Thursday, September 27, 2012

Researchers Discover Antibody That Fights Multiple Flu Strains

In a major new discovery that could help prevent or treat influenza, researchers have identified an antibody that blocks the flu virus from entering its hosts’ cells and that can be used to cure already infected animals. The findings were reported in the most recent edition of the journal Nature.

Before a virus can make us sick, it must first adsorb (bind) to the surface of our cells and then get its DNA or RNA into our cells. Influenza A viruses use a protein on their surface called Hemagglutinin to attach to their hosts’ cells. Hemagglutinin is abbreviated “H” and the particular variety of Hemagglutinin forms part of the strain’s name (e.g., H1N1 or H5N1).  The “N” comes from an enzyme the virus produces called neuraminidase, which it uses to lyse (burst) its hosts’ cells in order to release newly formed virus particles.

The antibody discovered by lead author Ian Wilson (Scripps Research Institute) and colleagues at Scripps and Sea Lane Biotechnologies, binds to hemagglutinin thus preventing infection. This discovery may help in the development of more effective vaccines against the flu virus, which kills an average of 35,000 people per year in the U.S. alone. It could also help avert a deadly pandemic of avian influenza.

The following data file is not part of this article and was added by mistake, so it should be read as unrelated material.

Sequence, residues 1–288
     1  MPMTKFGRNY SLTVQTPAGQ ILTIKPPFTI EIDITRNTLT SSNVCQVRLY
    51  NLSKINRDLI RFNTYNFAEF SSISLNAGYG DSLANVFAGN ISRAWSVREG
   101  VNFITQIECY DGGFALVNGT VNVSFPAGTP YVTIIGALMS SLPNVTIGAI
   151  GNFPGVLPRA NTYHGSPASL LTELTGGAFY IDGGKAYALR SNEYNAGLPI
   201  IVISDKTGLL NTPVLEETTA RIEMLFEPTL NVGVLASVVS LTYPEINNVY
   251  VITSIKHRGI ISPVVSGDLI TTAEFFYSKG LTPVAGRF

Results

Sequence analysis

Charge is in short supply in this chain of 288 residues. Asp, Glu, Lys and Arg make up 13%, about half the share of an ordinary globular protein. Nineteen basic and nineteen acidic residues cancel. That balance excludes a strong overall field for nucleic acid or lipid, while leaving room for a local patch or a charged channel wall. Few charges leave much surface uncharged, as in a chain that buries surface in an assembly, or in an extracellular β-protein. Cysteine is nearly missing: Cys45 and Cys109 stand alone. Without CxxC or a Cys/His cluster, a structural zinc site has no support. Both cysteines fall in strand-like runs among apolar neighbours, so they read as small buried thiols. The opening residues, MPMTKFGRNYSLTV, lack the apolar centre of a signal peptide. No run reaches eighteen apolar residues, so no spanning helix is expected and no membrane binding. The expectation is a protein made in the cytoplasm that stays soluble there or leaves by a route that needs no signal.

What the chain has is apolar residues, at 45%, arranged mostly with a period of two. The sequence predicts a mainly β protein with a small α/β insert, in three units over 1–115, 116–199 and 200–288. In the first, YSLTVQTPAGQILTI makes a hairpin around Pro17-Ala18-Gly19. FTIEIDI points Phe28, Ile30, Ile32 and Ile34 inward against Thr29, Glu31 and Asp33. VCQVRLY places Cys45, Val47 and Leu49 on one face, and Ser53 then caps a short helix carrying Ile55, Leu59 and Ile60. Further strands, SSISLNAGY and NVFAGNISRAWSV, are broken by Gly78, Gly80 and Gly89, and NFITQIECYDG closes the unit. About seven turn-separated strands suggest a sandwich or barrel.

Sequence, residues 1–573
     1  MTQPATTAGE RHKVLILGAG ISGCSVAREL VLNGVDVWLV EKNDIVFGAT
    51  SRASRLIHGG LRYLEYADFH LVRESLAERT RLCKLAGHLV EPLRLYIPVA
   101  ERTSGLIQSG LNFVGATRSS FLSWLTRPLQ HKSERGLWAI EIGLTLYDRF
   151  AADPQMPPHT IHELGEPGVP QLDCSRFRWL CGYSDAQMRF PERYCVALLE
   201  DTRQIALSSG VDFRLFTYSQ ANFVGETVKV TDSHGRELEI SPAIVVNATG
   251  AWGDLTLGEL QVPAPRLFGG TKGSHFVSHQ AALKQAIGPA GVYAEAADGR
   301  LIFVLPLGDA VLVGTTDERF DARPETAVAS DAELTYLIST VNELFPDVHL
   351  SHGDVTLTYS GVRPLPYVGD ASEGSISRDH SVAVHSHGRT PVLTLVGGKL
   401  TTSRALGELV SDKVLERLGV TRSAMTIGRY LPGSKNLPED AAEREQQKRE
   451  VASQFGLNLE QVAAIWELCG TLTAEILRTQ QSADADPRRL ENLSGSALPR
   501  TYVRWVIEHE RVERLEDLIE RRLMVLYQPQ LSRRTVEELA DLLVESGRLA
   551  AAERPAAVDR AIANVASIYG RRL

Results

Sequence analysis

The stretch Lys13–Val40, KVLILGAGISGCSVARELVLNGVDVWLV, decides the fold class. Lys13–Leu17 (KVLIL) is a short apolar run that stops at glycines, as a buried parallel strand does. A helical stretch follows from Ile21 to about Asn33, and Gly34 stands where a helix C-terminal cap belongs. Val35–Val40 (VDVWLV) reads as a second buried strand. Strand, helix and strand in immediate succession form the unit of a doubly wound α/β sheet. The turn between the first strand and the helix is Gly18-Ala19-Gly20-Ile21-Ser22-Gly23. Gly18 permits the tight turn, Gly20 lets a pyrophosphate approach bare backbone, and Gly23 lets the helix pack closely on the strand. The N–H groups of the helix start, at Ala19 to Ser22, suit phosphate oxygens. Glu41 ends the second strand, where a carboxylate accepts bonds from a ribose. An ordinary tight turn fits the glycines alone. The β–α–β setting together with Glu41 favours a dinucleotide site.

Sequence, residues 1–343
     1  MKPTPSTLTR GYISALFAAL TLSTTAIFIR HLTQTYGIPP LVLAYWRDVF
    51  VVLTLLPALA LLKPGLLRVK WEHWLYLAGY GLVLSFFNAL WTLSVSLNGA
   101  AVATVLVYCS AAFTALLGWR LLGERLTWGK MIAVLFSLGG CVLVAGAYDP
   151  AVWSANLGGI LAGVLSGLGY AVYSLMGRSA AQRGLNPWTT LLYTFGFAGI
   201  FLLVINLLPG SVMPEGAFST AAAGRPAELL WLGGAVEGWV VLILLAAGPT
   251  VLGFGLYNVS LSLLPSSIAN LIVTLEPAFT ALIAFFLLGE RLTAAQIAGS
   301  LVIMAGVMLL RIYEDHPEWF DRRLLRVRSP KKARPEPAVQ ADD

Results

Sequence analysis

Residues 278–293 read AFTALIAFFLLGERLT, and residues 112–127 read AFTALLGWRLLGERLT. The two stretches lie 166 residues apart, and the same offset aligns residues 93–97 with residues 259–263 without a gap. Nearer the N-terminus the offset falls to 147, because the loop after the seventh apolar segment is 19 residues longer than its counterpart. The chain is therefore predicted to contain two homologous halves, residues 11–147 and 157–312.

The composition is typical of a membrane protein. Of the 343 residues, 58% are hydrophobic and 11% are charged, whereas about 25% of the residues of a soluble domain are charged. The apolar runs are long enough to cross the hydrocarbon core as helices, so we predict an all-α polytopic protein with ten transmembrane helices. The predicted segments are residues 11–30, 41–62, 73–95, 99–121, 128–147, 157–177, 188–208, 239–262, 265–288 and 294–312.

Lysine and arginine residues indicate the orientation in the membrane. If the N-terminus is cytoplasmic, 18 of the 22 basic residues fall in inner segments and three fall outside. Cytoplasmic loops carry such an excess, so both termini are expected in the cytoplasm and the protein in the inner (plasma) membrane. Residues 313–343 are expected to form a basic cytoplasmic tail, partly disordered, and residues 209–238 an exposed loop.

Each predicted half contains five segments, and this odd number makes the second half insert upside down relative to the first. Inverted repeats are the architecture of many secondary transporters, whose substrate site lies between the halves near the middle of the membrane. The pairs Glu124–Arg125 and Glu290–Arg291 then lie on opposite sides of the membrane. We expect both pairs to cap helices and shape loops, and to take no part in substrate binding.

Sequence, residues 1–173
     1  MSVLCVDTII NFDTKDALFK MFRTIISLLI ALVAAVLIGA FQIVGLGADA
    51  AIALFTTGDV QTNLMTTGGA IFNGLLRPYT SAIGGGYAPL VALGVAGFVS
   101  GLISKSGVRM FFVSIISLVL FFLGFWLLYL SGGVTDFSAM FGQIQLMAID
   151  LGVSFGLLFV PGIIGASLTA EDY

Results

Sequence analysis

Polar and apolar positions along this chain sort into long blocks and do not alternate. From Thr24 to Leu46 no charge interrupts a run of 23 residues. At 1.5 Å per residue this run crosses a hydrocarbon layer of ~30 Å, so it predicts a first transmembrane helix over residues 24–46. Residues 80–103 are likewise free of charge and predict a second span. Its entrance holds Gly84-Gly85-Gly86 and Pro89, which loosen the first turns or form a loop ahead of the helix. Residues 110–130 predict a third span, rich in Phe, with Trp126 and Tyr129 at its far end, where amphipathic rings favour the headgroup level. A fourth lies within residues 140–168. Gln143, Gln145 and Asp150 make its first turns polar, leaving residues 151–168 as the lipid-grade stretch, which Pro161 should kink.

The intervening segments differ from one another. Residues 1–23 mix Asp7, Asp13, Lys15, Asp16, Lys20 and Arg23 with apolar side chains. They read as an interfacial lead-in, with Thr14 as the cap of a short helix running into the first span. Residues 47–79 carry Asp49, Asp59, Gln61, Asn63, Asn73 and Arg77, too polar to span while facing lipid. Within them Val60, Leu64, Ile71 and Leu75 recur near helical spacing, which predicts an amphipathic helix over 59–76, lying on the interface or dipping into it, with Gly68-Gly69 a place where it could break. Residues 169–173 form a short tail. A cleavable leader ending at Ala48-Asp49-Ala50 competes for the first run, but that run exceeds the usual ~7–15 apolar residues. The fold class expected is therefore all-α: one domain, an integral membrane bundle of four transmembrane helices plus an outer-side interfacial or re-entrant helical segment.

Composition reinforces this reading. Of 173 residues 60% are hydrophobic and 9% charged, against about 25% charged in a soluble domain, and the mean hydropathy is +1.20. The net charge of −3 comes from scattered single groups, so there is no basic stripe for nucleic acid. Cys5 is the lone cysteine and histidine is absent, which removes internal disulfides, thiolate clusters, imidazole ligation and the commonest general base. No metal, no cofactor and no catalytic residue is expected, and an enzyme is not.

The research began by creating a library of antibodies from thousands of flu survivors from around the world by mining their bone marrow, which acts like a repository for all the antibodies they have ever made, the Bay Citizen reports. From this library, they were able to narrow their search to just the ones able to bind to influenza A. From this subset, they came upon the C05 antibody which protected cells growing in a Petri dish from influenza A infection. They also tried the experiment in vivo and found that C05 prevented mice from being infected. Furthermore, they discovered that mice already infected with a deadly strain of influenza were 100% cured when exposed to C05.

Perhaps the most exciting aspect of this research is that C05 binds to hemagglutinin, which is highly conserved genetically and used by many different strains to infect their hosts. Consequently, C05 is effective against several different varieties of influenza, including H1, H2, H3 and H9 strains. If C05 proves effective in preventing or treating human infections, this could be a major breakthrough, as we currently have little or no natural immunity to H9 strains and there is at least one highly pathogenic avian influenza H9 strain that has already wreaked havoc on some poultry flocks. This deadly strain could acquire person to person transmissibility through gene exchange with other flu viruses, as several H1 and H3 strains have already done, thus becoming the next deadly pandemic strain.

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